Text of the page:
Smith & Nephew has raised its revenue outlook for the year after rising demand in China and other emerging markets drove sales up 4.4% on an underlying basis.
Unfavorable foreign currency exchange wiped out most of the growth but Smith & Nephew nonetheless exited the quarter with evidence that demand is stabilizing in established markets and rising in new territories.
The performance made Smith & Nephew "increasingly confident" that it can hit the upper end of its 2019 sales guidance, prompting it to raise its outlook for the year.
Smith & Nephew came into 2019 on the back of a tough year that saw it miss its growth target by a wide margin, but the first quarter results hint the areas that held it back last year are stabilizing and growth in the better performing parts of the business is accelerating.
Sales of wound care bioactives, which dragged on performance last year, came in flat in the first quarter. Talking to investors on a first quarter results conference call, Smith & Nephew CEO Namal Nawana CEO warned problematic parts of the business have "not fully stabilized" but the situation is better than it was in previous quarters.
Smith & Nephew reported an uptick in performance in multiple geographies, too. Sales in the U.S. grew 4% as a result for rising demand at units including hips and knees, continuing the improvement seen in the second half of last year. Europe returned to growth after falling away in the back half of 2018.
Revenue growth remains low in emerging markets, though, with the 2.2% seen in the first quarter coming in slightly above the 1% achieved last year. Things are moving faster in emerging markets. Nawana said China achieved "well over 20% growth," powering emerging markets to a 15.3% rise in the first quarter. The CEO expects China and India to drive growth in Asia Pacific across 2019 and beyond.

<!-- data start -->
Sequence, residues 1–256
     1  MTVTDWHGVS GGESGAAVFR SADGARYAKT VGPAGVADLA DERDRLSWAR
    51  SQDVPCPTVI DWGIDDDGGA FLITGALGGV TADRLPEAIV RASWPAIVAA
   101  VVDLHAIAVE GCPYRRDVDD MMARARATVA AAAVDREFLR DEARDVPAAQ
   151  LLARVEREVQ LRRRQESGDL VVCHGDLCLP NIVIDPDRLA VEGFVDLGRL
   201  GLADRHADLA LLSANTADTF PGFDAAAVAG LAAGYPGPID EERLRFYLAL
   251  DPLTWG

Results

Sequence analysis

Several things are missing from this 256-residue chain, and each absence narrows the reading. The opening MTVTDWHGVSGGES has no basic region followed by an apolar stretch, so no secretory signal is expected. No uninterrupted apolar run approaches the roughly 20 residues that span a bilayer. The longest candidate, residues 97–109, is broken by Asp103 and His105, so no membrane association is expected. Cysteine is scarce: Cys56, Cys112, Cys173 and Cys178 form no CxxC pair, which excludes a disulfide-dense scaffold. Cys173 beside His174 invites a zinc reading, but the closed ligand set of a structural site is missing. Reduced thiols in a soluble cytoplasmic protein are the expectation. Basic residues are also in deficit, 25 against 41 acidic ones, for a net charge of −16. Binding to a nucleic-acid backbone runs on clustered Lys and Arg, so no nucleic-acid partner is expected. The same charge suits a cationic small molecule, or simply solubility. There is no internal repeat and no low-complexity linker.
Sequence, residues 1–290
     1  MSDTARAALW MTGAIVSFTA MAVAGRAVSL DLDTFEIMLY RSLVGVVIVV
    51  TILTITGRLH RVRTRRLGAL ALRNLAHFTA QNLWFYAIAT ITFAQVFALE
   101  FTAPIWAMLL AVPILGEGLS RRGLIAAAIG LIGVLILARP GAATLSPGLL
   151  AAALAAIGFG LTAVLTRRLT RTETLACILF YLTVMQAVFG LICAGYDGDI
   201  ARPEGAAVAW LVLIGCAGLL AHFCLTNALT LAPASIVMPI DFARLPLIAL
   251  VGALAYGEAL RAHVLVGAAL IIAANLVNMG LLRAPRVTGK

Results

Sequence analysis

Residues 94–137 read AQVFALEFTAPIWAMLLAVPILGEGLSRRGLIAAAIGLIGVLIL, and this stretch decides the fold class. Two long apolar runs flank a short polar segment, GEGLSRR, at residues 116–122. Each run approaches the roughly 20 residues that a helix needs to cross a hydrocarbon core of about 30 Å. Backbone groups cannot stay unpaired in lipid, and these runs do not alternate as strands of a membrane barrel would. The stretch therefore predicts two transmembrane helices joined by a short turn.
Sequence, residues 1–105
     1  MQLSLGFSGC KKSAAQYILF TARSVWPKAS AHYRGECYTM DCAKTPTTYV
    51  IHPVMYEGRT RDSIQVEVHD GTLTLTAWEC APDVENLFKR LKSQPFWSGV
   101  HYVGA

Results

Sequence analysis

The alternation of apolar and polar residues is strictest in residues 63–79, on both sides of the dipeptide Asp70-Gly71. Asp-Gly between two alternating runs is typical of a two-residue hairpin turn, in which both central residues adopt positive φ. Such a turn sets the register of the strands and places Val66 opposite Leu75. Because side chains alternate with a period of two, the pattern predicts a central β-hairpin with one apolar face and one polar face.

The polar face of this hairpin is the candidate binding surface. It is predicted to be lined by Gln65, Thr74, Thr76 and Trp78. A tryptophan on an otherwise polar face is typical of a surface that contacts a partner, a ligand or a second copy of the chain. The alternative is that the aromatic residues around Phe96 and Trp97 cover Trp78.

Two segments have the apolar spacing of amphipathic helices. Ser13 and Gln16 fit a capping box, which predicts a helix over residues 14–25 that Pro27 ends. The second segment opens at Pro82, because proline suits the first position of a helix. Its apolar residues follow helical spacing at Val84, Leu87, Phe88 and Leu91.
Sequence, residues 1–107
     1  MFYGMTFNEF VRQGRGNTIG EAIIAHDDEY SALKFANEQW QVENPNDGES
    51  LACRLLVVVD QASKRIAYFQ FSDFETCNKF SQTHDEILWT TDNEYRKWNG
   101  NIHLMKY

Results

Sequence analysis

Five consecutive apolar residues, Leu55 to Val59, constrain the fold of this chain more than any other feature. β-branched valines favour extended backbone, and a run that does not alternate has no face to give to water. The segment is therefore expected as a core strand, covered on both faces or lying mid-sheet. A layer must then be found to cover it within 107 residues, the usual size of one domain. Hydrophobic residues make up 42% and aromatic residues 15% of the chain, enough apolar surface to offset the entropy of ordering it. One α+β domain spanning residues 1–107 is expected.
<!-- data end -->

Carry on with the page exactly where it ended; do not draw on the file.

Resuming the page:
The turnaround is yet to extend to arthroscopic enabling technologies. Sales at the unit fell 2% on an underlying basis last year and the difficulties continued into the first quarter, when revenue fell 1.1%. Nawana expects the franchise to return to growth later in the year.
Despite the lingering problems at the arthroscopic franchise, Nawana thinks Smith & Nephew can beat the aggregate market growth rate of 4%, in part because of the impact of acquisitions. In recent months, Smith & Nephew has struck deals to buy Brainlab, Ceterix Orthopaedics, Leaf Healthcare and Osiris Therapeutics, and been linked to a $3 billion takeover of NuVasive.
Analysts probed Smith & Nephew’s appetite for larger deals on the quarterly results call. But, while Nawana said he isn’t focused solely on small deals, they largely struggled to get Smith & Nephew to open up about whether a takeover such as the mooted NuVasive acquisition is on the cards.
"M&A is a very important part of what Smith & Nephew does," Nawana said. "People see what we buy. People don’t see all the things we didn’t buy. I don’t think there’s one single lens that we look through [when assessing opportunities]. We look through multiple financial lenses."
NuVasive reported results the day before Smith & Nephew, beating analyst earnings and revenue expectations on the back of double-digit growth outside the U.S. and the solid performance of its spinal hardware unit in its home territory. The reported talks with Smith & Nephew were not discussed on NuVasive’s first quarter conference call with investors.